This review was performed at the IRS National Headquarters in Washington, D.C., in the offices of the Chief Financial Officer and involved the SB/SE, LMSB, and TE/GE Divisions, the Appeals function, the Taxpayer Advocate office, and the W&I Division headquartered in Atlanta, Georgia, during the period August 2006 through February 2007.  Onsite reviews were performed at the IRS field offices in St. Paul, Minnesota; Milwaukee, Wisconsin; Chicago, Illinois; Richmond, Virginia; Jacksonville, Florida; Houston, Texas; Dallas, Texas; Oklahoma City, Oklahoma; Nashville, Tennessee; Seattle, Washington; Portland, Oregon; and El Monte, California.  The audit was conducted in accordance with Government Auditing Standards.  Detailed information on our audit objective, scope, and methodology is presented in Appendix I.  Major contributors to the report are listed in Appendix II.

 

 

Results of Review

 

First-Line Managers Complied With the Law Restricting the Use of Enforcement Statistics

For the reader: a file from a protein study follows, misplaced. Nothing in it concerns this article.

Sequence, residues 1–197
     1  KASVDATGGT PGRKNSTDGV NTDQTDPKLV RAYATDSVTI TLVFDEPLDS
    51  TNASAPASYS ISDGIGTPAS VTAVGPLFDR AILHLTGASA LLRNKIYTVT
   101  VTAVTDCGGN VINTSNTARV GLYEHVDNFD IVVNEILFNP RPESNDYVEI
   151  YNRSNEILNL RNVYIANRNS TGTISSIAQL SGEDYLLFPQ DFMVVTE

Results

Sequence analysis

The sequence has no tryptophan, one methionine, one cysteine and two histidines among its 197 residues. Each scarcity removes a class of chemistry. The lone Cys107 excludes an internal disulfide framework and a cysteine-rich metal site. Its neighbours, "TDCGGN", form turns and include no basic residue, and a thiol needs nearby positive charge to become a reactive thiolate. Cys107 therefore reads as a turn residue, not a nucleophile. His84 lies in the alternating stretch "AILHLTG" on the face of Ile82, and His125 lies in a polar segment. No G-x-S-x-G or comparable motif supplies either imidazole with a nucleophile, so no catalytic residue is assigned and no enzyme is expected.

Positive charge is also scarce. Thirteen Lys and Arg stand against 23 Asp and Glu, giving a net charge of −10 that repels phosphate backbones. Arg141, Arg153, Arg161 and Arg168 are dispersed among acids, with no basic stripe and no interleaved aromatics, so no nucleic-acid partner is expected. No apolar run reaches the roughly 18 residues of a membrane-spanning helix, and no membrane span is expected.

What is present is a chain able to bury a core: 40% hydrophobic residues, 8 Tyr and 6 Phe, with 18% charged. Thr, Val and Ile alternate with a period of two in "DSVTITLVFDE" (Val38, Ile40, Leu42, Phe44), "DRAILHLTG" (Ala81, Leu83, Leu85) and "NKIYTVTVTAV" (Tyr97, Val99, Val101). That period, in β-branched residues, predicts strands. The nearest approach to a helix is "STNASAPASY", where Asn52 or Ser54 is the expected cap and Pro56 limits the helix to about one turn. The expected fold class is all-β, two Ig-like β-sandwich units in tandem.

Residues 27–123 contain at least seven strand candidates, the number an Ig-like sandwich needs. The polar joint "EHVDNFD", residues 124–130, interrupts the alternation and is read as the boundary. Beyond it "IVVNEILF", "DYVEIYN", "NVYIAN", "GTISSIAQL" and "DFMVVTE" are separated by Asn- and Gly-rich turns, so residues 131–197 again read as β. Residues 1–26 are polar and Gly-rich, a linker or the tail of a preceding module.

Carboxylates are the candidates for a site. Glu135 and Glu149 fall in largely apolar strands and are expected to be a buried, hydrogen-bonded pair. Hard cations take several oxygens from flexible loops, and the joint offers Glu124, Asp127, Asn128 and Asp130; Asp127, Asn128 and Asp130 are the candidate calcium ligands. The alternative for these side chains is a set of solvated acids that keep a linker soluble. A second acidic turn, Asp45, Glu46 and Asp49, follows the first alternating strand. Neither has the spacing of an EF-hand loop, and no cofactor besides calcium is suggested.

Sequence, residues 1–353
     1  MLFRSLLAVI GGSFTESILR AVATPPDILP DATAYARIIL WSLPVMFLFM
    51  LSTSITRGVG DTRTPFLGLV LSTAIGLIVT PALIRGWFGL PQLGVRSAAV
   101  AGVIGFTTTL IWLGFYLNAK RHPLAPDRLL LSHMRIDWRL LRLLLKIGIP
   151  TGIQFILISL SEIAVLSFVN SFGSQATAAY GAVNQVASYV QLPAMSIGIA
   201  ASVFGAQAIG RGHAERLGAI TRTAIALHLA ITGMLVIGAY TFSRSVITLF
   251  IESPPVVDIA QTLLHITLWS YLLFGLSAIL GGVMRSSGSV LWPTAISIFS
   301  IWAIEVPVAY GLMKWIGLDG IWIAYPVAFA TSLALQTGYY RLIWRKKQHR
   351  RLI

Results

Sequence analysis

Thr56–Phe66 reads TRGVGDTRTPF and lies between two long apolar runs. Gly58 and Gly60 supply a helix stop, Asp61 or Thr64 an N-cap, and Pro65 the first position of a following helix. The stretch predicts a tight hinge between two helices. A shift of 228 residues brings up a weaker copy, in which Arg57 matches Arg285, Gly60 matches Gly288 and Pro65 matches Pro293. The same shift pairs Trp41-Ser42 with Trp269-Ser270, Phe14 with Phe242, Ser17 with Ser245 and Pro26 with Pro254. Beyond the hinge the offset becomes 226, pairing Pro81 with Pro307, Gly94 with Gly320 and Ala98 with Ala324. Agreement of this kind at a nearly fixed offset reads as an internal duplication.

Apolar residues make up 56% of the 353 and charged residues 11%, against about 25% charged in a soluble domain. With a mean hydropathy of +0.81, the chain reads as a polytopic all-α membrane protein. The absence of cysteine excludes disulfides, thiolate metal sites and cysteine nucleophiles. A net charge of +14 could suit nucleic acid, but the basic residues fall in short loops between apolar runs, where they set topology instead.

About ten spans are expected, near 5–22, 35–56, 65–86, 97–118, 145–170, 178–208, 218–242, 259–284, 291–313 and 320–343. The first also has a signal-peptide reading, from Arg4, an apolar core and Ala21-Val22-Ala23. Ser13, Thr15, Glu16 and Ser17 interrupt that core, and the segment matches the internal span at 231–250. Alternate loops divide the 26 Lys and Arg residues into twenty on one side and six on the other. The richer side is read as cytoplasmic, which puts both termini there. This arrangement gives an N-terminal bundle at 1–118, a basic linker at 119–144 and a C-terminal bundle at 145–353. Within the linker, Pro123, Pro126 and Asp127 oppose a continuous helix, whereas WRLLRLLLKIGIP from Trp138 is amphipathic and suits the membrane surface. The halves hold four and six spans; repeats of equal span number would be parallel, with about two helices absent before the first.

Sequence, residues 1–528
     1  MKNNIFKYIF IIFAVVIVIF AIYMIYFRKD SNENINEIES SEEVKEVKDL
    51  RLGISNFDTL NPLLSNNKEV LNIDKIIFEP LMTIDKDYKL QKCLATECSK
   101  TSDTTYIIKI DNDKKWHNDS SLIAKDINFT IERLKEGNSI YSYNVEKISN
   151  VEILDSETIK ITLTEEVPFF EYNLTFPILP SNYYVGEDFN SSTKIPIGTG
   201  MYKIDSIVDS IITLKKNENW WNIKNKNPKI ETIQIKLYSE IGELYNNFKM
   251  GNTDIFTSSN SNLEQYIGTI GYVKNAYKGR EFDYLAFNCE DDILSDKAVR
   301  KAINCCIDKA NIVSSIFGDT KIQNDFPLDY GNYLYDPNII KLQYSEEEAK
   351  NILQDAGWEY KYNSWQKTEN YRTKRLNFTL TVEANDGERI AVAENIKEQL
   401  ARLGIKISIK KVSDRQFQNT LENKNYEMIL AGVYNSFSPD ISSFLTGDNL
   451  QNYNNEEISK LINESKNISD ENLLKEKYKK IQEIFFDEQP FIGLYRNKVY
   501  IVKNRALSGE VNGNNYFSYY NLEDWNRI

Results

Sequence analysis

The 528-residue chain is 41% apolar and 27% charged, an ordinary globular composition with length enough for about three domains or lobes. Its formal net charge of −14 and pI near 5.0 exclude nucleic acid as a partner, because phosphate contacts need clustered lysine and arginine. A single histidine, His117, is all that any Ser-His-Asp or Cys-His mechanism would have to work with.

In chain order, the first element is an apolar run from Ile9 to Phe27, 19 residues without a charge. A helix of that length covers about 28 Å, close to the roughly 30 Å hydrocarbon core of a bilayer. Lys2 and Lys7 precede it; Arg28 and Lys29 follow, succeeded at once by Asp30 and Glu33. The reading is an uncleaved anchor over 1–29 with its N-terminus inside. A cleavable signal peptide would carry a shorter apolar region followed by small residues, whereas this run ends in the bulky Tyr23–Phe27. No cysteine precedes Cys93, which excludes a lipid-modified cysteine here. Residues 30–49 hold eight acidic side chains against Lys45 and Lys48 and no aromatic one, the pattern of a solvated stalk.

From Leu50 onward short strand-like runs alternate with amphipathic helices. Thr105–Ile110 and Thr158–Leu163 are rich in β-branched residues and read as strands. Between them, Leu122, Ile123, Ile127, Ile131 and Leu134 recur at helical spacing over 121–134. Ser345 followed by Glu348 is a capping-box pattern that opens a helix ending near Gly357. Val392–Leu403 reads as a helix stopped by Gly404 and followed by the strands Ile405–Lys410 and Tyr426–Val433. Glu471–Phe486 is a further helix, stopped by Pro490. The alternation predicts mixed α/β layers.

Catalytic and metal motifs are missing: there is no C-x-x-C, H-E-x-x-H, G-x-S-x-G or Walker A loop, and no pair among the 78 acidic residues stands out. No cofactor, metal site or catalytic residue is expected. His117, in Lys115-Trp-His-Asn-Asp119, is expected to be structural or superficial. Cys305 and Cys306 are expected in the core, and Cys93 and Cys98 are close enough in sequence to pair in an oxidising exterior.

To evaluate the IRS’ compliance with Sections 1204(a) and 1204(b), which prohibit the use of enforcement statistics to evaluate employee performance and require that employees be evaluated on the fair and equitable treatment of taxpayers, we selected a judgmental sample of 5 first-line managers and 3 employees for each of these managers in 12 cities, for a total of 60 managers and 180 employees.[5]  We evaluated Fiscal Year 2006 performance evaluation documentation (including midyear and annual performance reviews and award documentation) for each employee to determine whether ROTERs were used when evaluating the employees’ performance.